San Francisco Police Officer Jim Cunningham was one of the first emergency responders to arrive at the Asiana Airlines plane crash July 6 at San Francisco International Airport, pulling victims and their belongings out of the wreckage while only wearing a short-sleeve uniform and no protective gear.
"We did our best to get the passengers out of the plane before the black smoke started sucking all of the oxygen out," Cunningham later told local media.
While he has been widely praised for his heroism, Police Commissioner Carol Kingsley last week raised the question of officer safety in such situations.
"Is it standard equipment to have masks for this kind of thing?" she asked Police Chief Greg Suhr at Wednesday's commission meeting.
The short answer is "no," and Suhr said that's why Cunningham rescued victims while unprotected.
A strong smell of fuel reportedly permeated through the Asiana wreckage, and though smoke was above first responders initially, their luck didn't last, said Fire Lt. Mindy Talmadge. All Fire Department responders wore hazmat suits, which is a requirement for such rescue operations -- and for good reason, she said.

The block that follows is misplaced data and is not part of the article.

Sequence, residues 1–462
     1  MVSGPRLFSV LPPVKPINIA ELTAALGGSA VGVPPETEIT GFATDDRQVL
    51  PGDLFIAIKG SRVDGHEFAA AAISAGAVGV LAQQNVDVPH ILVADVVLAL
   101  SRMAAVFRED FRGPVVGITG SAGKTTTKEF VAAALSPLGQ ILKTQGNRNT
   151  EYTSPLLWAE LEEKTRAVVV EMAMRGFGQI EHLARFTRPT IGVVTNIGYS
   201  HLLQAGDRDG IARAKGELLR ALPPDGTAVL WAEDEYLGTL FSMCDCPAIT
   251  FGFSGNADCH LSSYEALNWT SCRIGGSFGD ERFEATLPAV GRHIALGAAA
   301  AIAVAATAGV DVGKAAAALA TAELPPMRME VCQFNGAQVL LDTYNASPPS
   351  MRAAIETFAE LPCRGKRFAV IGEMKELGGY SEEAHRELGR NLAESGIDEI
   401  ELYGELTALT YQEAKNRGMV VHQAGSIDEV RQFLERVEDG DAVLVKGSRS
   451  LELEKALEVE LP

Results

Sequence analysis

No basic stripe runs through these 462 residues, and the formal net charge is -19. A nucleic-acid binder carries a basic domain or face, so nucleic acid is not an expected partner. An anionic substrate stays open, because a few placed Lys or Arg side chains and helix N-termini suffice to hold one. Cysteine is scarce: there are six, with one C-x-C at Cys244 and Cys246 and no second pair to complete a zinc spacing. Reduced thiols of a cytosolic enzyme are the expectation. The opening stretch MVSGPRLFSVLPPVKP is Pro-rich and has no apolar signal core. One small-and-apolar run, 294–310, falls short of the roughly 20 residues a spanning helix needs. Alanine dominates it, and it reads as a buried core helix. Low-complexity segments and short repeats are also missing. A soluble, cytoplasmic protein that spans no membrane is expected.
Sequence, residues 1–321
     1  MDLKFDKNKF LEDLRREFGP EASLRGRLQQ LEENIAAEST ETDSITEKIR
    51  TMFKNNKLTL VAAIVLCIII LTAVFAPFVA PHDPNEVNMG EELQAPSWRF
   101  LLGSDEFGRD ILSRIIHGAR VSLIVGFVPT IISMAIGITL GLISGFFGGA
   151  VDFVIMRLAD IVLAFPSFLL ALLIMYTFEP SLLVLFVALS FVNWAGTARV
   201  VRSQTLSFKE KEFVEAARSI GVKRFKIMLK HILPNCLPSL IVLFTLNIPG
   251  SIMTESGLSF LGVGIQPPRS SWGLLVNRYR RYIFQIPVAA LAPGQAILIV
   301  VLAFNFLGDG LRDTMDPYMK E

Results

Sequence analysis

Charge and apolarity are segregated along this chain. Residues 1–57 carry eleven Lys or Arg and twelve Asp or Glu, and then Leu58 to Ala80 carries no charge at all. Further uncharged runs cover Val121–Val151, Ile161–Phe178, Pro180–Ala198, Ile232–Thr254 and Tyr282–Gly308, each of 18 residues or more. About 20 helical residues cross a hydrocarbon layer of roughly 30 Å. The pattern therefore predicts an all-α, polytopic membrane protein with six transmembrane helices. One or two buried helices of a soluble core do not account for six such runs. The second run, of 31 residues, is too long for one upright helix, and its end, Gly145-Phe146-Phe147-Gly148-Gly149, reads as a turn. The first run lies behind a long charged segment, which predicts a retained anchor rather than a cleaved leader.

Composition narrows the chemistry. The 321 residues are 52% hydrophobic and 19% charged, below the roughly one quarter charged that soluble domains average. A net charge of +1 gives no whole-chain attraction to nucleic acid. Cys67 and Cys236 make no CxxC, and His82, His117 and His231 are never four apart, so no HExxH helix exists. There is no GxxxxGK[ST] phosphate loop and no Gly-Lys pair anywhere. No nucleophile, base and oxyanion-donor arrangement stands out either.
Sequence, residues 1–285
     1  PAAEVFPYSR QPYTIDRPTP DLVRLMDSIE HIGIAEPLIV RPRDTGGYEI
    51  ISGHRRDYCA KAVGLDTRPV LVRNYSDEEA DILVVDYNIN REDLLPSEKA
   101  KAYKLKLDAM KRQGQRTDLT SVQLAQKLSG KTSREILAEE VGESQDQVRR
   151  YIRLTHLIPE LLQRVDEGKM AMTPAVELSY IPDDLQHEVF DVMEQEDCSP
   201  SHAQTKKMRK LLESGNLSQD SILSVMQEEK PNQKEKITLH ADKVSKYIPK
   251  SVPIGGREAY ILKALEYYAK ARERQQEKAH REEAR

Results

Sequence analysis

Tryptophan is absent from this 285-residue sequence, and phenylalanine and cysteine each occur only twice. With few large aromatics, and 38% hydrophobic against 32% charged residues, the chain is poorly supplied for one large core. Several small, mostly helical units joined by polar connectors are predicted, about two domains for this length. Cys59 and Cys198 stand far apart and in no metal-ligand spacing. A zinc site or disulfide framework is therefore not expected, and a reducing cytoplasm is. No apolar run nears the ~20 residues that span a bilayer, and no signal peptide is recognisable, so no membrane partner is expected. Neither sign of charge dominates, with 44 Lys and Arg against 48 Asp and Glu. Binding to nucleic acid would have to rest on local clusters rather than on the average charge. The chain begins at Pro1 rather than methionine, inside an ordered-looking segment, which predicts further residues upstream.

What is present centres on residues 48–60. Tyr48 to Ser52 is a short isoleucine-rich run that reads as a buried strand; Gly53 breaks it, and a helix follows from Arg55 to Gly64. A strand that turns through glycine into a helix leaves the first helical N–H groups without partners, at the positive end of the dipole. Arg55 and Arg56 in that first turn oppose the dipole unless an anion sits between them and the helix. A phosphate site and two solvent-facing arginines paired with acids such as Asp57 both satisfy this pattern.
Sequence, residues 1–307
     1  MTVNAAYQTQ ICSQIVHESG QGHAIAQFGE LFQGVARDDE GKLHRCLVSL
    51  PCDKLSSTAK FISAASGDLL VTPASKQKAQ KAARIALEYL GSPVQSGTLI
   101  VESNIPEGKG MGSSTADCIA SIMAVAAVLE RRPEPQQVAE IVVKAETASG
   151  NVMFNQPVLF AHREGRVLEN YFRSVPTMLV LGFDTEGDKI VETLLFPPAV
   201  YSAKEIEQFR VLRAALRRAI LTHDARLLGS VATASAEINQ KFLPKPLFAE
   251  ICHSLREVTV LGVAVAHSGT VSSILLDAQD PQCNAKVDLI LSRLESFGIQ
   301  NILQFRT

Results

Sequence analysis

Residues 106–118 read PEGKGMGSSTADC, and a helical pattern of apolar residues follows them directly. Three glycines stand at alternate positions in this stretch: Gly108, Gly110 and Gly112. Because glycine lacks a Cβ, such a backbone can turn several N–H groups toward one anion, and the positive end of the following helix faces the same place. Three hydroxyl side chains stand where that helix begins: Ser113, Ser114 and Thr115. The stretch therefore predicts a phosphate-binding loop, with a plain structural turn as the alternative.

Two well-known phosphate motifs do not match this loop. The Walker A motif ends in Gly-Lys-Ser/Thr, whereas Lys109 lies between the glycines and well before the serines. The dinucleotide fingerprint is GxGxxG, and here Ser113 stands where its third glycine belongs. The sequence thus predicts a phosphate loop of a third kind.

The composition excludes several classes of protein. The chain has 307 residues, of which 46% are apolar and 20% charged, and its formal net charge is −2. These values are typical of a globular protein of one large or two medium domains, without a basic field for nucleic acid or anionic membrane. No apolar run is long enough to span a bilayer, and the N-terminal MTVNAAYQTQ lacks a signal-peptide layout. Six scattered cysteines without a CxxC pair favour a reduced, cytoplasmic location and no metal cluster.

"By the time they were getting the last of the people that were trapped in there, the smoke was getting to be pretty thick and they would've been breathing it in," Talmadge said. "Any amount of smoke is toxic."
Yet unlike the Fire Department, San Francisco police had no protective gear.
The training required to qualify to wear hazmat suits is often beyond the scope of the average officer, Suhr said. Only SWAT teams and certain specialists are certified. Officers usually only need the gear in rare instances, Suhr said, such as trying to find a suspect in a burning building.
"We have enough [trained officers] so if we needed someone in a hot zone ... our guys could go in and neutralize a target," he said.
The Asiana crash, however, required such a quick response that officers would not have had time to go through the laborious process of putting on a hazmat suit, Suhr said. Firefighters, on the other hand, can jump into their hazmat suits, gas mask, air tanks, helmet and hoses in less than 60 seconds, Talmadge said.
Police used to have better access to hazmat gear, as it was provided through grants from the U.S. Department of Homeland Security after 9/11, said Officer Albie Esparza. But that money soon dried up and the "suits have been gone for years," he said.
The Governor's Office of Emergency Services, which administers the Homeland Security grants, was not available for comment.